Collins told supporters she received a "very gracious call from Sara Gideon conceding the race."
Collins’ victory is a tough loss for liberal groups that united against her and raised millions to oust her from the seat since she voted to confirm Supreme Court Justice Brett Kavanaugh two years ago. Ahead of Election Day, Collins trailed slightly in the polls and significantly in fundraising; Gideon raised more than $63.6 million since she launched her campaign last summer, while Collins raised just $25.2 million over the last two years.
But Collins held on, securing enough votes to send her back to Washington for a fifth term, even as former vice president Joe Biden won the state.
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Collins is one of the rare Republican senators to break with her party on some major issues; she is pro–abortion rights, and she was one of just three Republicans who blocked their party’s own attempt to kill Obamacare. But she has drawn particular ire from Democrats for continuing to vote with President Donald Trump and more conservative members of her party on other issues. She voted with Trump 67.5% of the time, according to FiveThirtyEight, and has voted to confirm all but 10 of the president’s judicial nominees. She also voted to acquit Trump in his impeachment trial.
But her vote for Kavanaugh after he was accused of sexual assault during his confirmation process was perhaps the most galvanizing moment for liberals who set out to unseat her this cycle. Collins said at the time that she believed Christine Blasey Ford, who accused Kavanaugh of sexually assaulting her when they were in high school, was a “survivor of a sexual assault” and that the allegations against him were “serious,” but she didn’t think they had been proven sufficiently to block his nomination.
Collins tried to woo centrist voters in the lead-up to Election Day. “We who are in the center need to be as energized as those on the extremes,” she told members of the USA Today editorial board last month. She added that she believes the Republican Party will be successful in the future if it returns “to its center-right roots.”
Ahead of the election, Collins said she would not vote to confirm Amy Coney Barrett, Trump’s third Supreme Court nominee before Election Day, saying the next president should fill the seat, a decision that apparently infuriated the president.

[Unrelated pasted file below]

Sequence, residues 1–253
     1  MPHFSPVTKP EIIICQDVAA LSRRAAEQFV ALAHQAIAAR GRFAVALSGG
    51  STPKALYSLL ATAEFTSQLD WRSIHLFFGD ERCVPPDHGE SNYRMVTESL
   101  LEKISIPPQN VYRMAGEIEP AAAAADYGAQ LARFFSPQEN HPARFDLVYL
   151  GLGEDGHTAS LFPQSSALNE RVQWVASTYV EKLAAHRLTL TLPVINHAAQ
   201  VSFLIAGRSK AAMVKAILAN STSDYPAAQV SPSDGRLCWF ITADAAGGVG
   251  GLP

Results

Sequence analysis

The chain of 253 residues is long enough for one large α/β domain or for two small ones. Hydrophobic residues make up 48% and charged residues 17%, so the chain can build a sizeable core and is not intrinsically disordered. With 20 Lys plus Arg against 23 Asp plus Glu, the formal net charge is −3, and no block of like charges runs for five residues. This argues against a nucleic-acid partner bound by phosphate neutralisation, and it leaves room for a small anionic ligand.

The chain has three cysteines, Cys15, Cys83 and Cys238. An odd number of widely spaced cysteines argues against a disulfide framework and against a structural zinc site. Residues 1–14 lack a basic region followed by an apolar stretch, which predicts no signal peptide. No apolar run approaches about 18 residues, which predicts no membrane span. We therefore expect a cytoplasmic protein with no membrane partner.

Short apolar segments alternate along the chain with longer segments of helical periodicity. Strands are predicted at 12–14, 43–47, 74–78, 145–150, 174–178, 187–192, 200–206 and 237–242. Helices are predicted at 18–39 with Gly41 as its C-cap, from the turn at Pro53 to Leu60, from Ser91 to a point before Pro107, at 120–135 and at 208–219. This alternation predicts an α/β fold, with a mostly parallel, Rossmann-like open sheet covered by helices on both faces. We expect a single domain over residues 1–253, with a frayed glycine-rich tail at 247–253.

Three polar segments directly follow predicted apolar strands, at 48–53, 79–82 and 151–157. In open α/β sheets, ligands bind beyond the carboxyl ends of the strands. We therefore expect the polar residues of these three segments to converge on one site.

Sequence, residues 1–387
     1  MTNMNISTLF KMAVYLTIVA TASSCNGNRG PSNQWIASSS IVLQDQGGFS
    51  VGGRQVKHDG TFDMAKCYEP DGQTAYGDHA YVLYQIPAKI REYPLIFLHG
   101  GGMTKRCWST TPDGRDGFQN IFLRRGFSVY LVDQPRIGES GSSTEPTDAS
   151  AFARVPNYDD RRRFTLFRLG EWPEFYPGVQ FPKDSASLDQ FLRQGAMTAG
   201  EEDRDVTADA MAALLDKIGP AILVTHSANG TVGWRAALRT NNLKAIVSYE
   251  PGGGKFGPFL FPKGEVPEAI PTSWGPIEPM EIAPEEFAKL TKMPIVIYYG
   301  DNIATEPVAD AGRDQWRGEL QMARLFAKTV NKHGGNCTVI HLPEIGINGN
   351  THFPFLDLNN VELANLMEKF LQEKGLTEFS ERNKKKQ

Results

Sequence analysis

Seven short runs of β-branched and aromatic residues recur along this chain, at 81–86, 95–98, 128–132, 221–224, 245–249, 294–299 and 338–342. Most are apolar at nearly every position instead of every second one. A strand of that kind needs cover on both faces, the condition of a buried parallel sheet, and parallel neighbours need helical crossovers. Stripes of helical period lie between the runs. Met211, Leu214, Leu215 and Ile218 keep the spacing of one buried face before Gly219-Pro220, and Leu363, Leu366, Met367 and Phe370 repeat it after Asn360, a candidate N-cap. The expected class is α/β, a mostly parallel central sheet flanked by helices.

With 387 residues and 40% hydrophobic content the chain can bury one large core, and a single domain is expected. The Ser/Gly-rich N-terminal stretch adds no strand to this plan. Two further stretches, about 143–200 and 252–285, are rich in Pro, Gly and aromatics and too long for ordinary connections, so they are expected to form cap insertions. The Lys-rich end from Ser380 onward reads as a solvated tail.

Last month, Collins was the sole Republican senator to vote against Barrett.
Collins and Gideon both focused on healthcare in the weeks leading up to Election Day; in a debate last month, Gideon said she supported a public option for health insurance under Medicare (which means anyone, regardless of income, would be able to buy into the government-sponsored healthcare program instead of only through private insurers). Collins called such a move the “first step toward a government takeover of our healthcare.”
Gideon attracted the support of nearly every Democratic campaign group and managed to beat former Texas Senate candidate Beto O’Rourke’s record-breaking fundraising numbers. According to the Bangor Daily News, Gideon spent $11 million on ads alone from July to September. In total, however, according to the paper, more than $89 million was spent on ads in the area related to the Senate race, making it one of the most expensive in history.
Gideon currently serves as the speaker of the Maine State House and, like Collins, touted her bipartisan credentials throughout the campaign. Perhaps the most literal example, as the New York Times reported, under her speakership, she made members of both parties in the state House sit together, rather than on separate sides of the aisle.
Maine uses ranked-choice voting, and this year is the first time the system — in which voters rank the candidates instead of simply choosing one candidate — is being used in the presidential election.
If no candidate gets 50% of the vote, then voters' second choices will be counted, and then their third choices if there is still no candidate with a majority. Third-party candidate Lisa Savage had been telling voters who choose her as their first choice to pick Gideon as their second — but Collins will pass the 50% threshold on her own, Decision Desk HQ projected.
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Collins would not say whether she planned to vote for Trump this year, though the head of the Maine GOP, Demi Kouzounas, told reporters in August that the senator supports the president. “They’re not mutually exclusive. I think they both have their jobs to do. They both support each other,” Kouzounas said, according to Roll Call.
In a statement to Roll Call at the time, a Gideon spokesperson said, “Despite her refusal to tell Mainers who she’s voting for, Senator Collins has made her opinion on Donald Trump clear.”